One of the eight values that the Administrate team live by is 'always improving'. This value applies to everything we do - our product, people and the company in general. One of the key elements of this is learning, and that's why every staff member must read a relevant book per month and share their new knowledge with the wider team.
Our Training Tips articles tend to be centred around the world of training (hence the title!), however, we recognise that many of you work in roles that will touch many areas of business and with that in mind, we wanted to share our essential reads with you. This will be a series and we hope you enjoy part one! Here's the lineup of your book-loving Administrate team.
Peopleware by Tom DeMarco (People Management)
Recommended by - Troy Michels, Product Manager
“The manager’s function is not to make people work, but to make it possible for people to work.”
Why did you recommend this book?
I found Peopleware to be a brilliant guide on enabling teams working in highly knowledge-based roles to be productive. The key factors in this are ensuring every team-member has very clear goals and providing the right working environment and conditions.
Action Selling by Duane Sparks (Sales Techniques)
Recommended by - James Tod, Business Development Representative
What's the key thing Action Selling taught you?
Action Selling reinforced that a sales conversation is a repeatable process. Following the steps and process detailed in the book genuinely leads to better results. I really enjoyed the story-telling aspect of the book - it's a dialogue between a sales rep and his new sales manager during which they talk about why and how he can be better!
The Checklist Manifesto by Atul Gawande (Productivity)
Recommended by - Iain Brown, Software Engineer
"We are by nature flawed and inconsistent creatures. We are not built for discipline. We are built for novelty and excitement, not attention to detail.”
Why did you recommend this book?
This book really pushed home to me why keeping checklists is key to encouraging excellent results. Humans are naturally creative, and our minds aren't naturally designed for ensuring attention to detail. This relates to my role as a Software Engineer as if we don't properly execute every stage of a process, with incredible attention to detail at all times, our whole system can come crashing down. It's great when you can relate a book so directly to your job and the Checklist Manifesto certainly ticks that box.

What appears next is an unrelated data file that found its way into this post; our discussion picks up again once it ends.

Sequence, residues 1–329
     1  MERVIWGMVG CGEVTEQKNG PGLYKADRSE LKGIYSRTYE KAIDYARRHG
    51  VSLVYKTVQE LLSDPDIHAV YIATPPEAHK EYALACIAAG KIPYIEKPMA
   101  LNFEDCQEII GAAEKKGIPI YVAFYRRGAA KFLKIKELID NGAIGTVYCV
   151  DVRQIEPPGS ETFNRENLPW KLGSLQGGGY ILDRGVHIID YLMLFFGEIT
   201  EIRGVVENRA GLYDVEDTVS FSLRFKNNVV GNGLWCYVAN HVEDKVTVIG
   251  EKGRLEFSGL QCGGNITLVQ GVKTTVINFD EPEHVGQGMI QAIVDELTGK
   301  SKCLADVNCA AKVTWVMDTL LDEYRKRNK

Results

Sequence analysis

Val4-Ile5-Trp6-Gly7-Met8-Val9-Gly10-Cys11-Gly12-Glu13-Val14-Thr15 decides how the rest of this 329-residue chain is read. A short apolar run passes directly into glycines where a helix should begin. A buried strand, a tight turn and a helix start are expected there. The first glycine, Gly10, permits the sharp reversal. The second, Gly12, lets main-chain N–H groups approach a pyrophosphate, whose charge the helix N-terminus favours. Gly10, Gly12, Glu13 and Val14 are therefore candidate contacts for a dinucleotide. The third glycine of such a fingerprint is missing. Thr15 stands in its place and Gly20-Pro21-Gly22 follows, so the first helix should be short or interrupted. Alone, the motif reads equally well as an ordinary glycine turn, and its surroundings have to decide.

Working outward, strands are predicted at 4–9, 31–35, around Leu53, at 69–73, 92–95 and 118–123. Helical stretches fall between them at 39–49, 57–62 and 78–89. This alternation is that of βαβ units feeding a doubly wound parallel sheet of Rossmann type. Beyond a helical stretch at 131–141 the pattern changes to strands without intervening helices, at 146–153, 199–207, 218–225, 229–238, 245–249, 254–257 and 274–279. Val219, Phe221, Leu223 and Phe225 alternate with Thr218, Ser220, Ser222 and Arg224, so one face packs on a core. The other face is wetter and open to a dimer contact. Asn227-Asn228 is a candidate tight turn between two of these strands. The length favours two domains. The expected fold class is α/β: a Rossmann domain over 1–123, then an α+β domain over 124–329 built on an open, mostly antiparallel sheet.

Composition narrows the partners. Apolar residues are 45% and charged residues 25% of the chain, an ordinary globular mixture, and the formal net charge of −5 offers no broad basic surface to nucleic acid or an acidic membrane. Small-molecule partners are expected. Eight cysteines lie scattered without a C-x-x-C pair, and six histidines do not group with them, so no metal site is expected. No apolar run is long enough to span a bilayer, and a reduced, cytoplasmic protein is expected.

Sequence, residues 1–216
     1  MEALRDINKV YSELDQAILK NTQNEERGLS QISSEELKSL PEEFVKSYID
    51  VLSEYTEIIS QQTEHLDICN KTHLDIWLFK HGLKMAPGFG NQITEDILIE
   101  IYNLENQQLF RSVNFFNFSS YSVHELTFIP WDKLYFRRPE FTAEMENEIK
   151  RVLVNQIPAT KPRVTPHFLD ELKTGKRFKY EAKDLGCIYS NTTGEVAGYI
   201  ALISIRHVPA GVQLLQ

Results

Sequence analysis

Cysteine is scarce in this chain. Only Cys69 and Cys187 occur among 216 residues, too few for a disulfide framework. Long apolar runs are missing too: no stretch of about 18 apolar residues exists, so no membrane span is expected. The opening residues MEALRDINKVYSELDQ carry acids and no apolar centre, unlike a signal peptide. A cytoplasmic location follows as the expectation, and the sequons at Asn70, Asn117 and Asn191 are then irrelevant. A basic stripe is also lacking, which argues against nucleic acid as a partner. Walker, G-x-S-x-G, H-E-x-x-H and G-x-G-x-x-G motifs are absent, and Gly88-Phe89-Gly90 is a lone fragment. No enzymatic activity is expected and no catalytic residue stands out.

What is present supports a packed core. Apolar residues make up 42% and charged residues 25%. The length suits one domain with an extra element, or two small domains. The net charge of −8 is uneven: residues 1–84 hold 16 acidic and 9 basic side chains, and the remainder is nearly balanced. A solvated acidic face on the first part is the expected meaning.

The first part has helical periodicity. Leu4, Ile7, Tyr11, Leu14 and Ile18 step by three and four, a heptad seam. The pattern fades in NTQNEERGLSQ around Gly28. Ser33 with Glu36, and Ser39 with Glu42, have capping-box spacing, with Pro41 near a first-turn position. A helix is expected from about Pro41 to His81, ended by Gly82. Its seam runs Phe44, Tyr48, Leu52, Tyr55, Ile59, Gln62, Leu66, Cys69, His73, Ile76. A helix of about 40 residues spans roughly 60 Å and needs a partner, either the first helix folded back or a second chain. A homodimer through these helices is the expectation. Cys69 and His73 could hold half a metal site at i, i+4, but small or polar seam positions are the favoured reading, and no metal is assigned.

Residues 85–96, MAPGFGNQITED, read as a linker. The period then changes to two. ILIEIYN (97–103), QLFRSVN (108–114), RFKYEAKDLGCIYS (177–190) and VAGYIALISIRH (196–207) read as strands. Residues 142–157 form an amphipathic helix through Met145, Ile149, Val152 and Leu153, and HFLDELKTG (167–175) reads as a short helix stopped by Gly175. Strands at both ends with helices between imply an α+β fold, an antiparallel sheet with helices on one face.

The Lean Startup by Eric Ries (Business Culture)
Recommended by - Craig Wilkinson, Software Engineer
“The only way to win is to learn faster than anyone else.”
What's the key thing The Lean Startup taught you?That feedback from your customers is a key part of the process of creating an end product. Too often businesses of all shapes and sizes strive to create the 'perfect' product before taking it to the market - The Lean Startup really pushes home that by releasing early, you can learn far more that you would by holding back. Learning has to be key to any product or service creation process!
Jab, Jab, Jab, Right Hook by Gary Vaynerchuk
Recommended by - Ashton Montgomery, Marketing Delivery Specialist
“A story is at its best when it’s not intrusive, when it brings value to a platform’s consumers, and when it fits in as a natural step along the customer’s path to making a purchase.”
What's the key thing Jab, Jab, Jab, Right Hook taught you?
It really emphasised the importance of staying 'on brand' when telling the story of your brand or business. Gary states that anyone in the business world should be telling stories and that social media has allowed us to do that. These stories must be targeted to the right audience in order to cut above the noise! As a marketer, Jab, Jab, Jab, Right Hook really appealed to me as Gary is great at cutting the chase with a very clean message.
Have you read any of these books? Want to recommend a book to the Administrate team? Tell us in the comments section below!
Also, check out our follow up post 'Must-read Books on Sales, Team Culture and Beyond'!
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